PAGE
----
It's July and all 124 Division I (FBS) college football teams have a clean slate and are filled with hope for a successful 2012.
Some of those squads will harness those hopes and turn them into winning seasons, bowl berths and conference titles.
But others are going to be tripped up and fall, popping their over-inflated dreams which now look so promising.
There is no avoiding this fact.
Here are five teams who are in prime position to have their dreams deflated in 2012.
Correct me if I'm wrong with this statement: Notre Dame is tabbed a "national title contender" every preseason and then they don't end up contending for a national title.
Well, this year will be no different.
The Irish still don't have a clear-cut starter at quarterback, something that has been consistent since the departure of Jimmy Clausen.
We can assume the starter will be Tommy Rees, but he hasn't been as productive under center as the Notre Dame coaching staff has hoped.
But whether it's Rees, Andrew Hendrix or even true freshman Gunner Kiel, the starter will have to find a way to produce without wide receiver Michael Floyd.
Saying that Floyd was the go-to receiver last year would be a vast understatement; as he accounted for 1,147 of UND's receiving yards, 100 of its 302 receptions and 9 of its 21 touchdowns through the air.
Manti Te'o will be the leader of a decent defense, which will lose three of its top five tacklers from last season.
However, the Te'o and the Irish will need a lot of help to get past a tough schedule.
History has shown that their season opener against Navy in Dublin, Ireland is far from an easy win.
After that, they will cap off September with a couple of brawls against two serious Big Ten title contenders in Michigan and Michigan State.
They also have to make road trips to face two of the top teams in the country, in Oklahoma and USC.
Best case scenario for Notre Dame is 8-4, but things could go as sour as 6-6 or worse.
In the end, the Irish may be clinging to a bowl bid at .500, but either way they'll be far from title contention.
Much like Notre Dame, Florida doesn't have a clear-cut starter under center, and whether Jacoby Brissett or Jeff Driskel wins the starting job, the Gator offense will still be without its top two rushers.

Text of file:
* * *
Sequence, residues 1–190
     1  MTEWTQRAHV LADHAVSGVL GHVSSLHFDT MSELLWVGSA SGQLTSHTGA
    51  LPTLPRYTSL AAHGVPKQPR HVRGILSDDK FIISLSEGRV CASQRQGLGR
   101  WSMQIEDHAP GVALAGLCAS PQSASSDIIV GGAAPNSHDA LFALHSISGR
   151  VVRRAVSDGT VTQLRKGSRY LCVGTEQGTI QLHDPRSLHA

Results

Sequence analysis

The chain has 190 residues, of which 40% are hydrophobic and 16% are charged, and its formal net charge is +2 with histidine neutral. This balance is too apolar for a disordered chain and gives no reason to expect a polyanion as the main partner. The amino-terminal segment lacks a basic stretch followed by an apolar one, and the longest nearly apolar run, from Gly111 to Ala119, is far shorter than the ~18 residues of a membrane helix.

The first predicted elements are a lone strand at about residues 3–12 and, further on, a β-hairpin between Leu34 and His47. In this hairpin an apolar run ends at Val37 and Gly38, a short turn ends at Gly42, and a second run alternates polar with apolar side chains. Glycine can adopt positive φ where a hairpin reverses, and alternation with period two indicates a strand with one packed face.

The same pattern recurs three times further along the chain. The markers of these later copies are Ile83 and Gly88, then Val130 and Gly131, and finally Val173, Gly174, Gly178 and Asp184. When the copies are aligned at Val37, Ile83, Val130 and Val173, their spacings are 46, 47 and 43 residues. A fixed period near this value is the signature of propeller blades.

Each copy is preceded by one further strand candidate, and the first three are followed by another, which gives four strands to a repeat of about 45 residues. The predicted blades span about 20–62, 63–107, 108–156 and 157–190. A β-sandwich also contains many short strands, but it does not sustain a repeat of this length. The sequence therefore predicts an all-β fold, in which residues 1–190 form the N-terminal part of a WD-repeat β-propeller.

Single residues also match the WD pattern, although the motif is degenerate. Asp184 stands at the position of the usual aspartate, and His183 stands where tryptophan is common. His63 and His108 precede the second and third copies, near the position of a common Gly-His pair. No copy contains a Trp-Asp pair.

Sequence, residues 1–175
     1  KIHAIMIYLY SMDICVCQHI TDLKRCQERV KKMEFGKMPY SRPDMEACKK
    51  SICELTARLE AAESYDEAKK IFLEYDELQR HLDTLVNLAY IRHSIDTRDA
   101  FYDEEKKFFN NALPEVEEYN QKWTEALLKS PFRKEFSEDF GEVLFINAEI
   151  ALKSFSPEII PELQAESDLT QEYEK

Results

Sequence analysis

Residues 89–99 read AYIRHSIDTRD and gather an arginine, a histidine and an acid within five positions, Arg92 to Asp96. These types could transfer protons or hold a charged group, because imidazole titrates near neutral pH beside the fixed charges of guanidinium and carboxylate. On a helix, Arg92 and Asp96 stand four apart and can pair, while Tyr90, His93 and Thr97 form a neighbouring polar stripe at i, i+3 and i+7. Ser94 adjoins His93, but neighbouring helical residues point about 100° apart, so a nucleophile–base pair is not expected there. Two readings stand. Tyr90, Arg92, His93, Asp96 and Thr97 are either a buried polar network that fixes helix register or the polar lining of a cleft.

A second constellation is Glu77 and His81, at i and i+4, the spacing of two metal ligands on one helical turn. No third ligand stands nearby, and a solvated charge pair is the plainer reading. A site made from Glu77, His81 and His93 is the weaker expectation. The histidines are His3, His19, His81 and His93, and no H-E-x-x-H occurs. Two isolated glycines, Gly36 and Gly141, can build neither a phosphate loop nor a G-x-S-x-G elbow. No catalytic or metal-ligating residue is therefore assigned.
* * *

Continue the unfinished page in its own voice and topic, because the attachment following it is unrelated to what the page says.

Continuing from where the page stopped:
Chris Rainey and Jeff Demps combined for more than 1,500 yards on the ground last year and will be sorely missed, as the UF rushing attack is shrouded with mystery.
Andre Debose may be the epitome of the entire Florida squad: an extremely highly-touted recruit who is yet to truly live up to expectations.
Florida has no shortage of speed and talent, but lacks the toughness to make it through the brunt of an SEC slate—a task that requires a rock-solid physical and mental makeup.
The Gators will need to be quick off the blocks in 2012, as they will take on Texas A&M and rival Tennessee on the road to start their SEC season.
After that, the journey only becomes more treacherous, as national title-favorite LSU and SEC title contender South Carolina will come to Gainesville.
Then, of course, there's the "not" World's Largest Outdoor Cocktail Party against Georgia in Jacksonville and a road trip to the ACC-Title favorite Florida State at season's end.
Debose, Brissett/Driskel and the rest of the offense will need to supply more support to what should be one of the fastest defenses in the country to avoid a letdown in 2012.
But I don't see that happening.
Boise State has the small task of replacing one of the most successful players in college football history in Kellen Moore.
Oh, and the Broncos will also have to replace first round NFL draft pick Doug Martin.
Together they were the BSU offense, combining for almost 5,000 yards and 59 touchdowns.
On defense, they'll also have to replace another first-rounder in linebacker Shea McClellin, who was easily one of the most versatile and effective defenders on the squad.